Open Die Forging

Open die forging uses multiple dies which do not completely enclose the material being forged. Items made through this type of forging often need extra work to finish to the required specifications.

Small quantity parts are where open die forging is used a lot, as well as simple parts such as cylinders or shafts. Due to the repeated working of the steel the strength of the grain structure will be increased therefore creating a stronger part.

The main feature of open die forging is its simplicity which also means the cost is low. Due to its low-cost open die forging can be used for bespoke one-off products. Less material waste is also created from the forging process therefore reducing the cost even more.

Some of the materials which can be open die forged include:

  • Stainless steel
  • Carbon steel
  • Alloy steel
  • Inconel
  • Titanium
  • Aluminium
  • Tool steel
  • Copper
  • Bronze
  • Nickel

There are drawbacks of using open die forging and one of these is the capability of producing high precision parts. Open die forging often requires extra machining to create high precision parts.

Forging

The alternative to open die forging is closed die forging. Two dies are used to form the piece into the required shape. The two dies are a negative image of the part being formed. As viewed from above pressure from the top die forms the raw material into the required shape.

Closed die forging is very economic for a large run of items and the parts produced require very little finishing.

Overall both types of forging have their advantages and disadvantages depending on the type of product you want produced. Low volume simple products are best suited to open die forging whereas higher volume more complex products are best suited to closed die forging.

Pallet Racking FAQ’s

What is Pallet Racking?

Pallet racking is a type of storage system. This type of racking is designed to hold pallets of stock normally at a large scale, in horizontal rows. Pallet racking is a great way to increase storage capacity as it stores the stock at multiple levels meaning one section of space can be used to store more than one pallet.

dsc_8906-boat-racking

What are the different types of pallet racking?

There are many different types of pallet racking and choosing the right one for your business can be hard. Depending on the storage you need, the pace of your business and how accessible you need your stock to be will depend on which type of pallet racking you choose to invest in.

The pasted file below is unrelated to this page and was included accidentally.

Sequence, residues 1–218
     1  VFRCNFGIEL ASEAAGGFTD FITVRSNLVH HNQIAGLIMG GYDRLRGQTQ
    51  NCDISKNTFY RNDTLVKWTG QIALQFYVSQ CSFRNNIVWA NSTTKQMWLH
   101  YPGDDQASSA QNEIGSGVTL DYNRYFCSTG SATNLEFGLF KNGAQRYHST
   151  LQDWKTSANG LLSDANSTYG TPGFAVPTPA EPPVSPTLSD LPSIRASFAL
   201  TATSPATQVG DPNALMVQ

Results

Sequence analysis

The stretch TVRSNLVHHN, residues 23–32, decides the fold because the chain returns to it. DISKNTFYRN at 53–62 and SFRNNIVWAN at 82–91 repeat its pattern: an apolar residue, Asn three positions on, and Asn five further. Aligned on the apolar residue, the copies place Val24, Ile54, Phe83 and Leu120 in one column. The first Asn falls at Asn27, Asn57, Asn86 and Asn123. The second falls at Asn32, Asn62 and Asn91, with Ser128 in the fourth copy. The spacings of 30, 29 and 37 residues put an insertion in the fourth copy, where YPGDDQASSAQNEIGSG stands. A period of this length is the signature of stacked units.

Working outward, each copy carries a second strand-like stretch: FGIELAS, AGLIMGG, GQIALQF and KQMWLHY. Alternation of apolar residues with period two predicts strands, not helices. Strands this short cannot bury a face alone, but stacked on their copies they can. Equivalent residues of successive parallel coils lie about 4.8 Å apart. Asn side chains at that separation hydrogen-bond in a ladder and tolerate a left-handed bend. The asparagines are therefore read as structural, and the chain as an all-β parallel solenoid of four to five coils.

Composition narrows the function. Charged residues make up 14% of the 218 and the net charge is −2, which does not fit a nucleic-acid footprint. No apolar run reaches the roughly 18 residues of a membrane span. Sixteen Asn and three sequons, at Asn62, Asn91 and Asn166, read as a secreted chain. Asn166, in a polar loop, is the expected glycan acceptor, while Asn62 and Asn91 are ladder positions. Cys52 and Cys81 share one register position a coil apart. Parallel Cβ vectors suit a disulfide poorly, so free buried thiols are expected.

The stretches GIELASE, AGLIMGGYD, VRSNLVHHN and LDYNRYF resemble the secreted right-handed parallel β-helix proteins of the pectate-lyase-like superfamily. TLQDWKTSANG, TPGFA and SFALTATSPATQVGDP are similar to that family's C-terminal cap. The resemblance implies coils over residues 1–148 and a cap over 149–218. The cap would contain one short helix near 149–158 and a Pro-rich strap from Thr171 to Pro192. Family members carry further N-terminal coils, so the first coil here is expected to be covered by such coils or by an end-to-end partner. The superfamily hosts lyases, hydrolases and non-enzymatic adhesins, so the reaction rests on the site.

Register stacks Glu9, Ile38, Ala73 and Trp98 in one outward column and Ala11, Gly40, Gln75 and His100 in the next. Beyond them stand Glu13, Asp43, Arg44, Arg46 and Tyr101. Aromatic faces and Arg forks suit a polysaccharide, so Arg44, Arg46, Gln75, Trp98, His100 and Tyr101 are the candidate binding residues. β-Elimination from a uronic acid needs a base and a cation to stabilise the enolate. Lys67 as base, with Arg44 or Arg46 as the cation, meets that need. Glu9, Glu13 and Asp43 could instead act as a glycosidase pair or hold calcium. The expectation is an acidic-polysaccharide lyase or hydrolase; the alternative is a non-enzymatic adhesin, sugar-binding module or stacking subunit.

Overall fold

The different types of pallet racking include:

Carpet Racking: Like it says in the name, carpet racking is a storage system that is capable of holding different lengths and diameters of carpet.

Double Deep Pallet Racking: This type of pallet racking is ideal for warehouse storage as it stores the pallets in unit loads. It works on the same principles as wide aisle racking except it is stacked at each pick face.

Drive-In Pallet Racking: This type of racking is extremely space efficient, working on a first in last out basis and working on a 0-metre aisle width.

Dry-Stack Boat Racking: Storing your boat can be hard, but with dry-stack boat racking you can conveniently store RIBS and motorboats out of the water.

Galvanised Pallet Racking: Galvanised pallet racking is designed to handle harsher conditions compared to other types of pallet racking. Suitable for external applications and harsh climates, galvanised pallet racking can store a wide spread of palletised products.

Narrow Aisle Pallet Racking: This type of pallet racking optimises space by keeping the aisle width to a minimum and therefore freeing up more space whilst still having the same capacity as other racking configurations.

Push Back Pallet Racking: This combines the efficiency of drive-in pallet racking with pallet live storage, therefore allowing you to access pallets that are four pallets deep from one face.

Very Narrow Pallet Racking: This type of pallet racking is ideal for warehouses with minimal space. It has aisles ranging from 1.5 – 1.6 metres, saving nearly half the space you have.

Wide Aisle Pallet Racking: This is the most commonly used type of racking, storing your stock horizontally with 2.5 – 4.0  metre aisles in between each rack.